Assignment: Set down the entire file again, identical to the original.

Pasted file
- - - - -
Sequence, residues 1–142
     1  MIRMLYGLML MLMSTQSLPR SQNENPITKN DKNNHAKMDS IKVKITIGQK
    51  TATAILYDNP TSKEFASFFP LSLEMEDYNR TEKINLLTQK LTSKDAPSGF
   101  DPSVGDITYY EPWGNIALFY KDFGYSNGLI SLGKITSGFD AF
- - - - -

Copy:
Sequence, residues 1–142
     1  MIRMLYGLML MLMSTQSLPR SQNENPITKN DKNNHAKMDS IKVKITIGQK
    51  TATAILYDNP TSKEFASFFP LSLEMEDYNR TEKINLLTQK LTSKDAPSGF
   101  DPSVGDITYY EPWGNIALFY KDFGYSNGLI SLGKITSGFD AF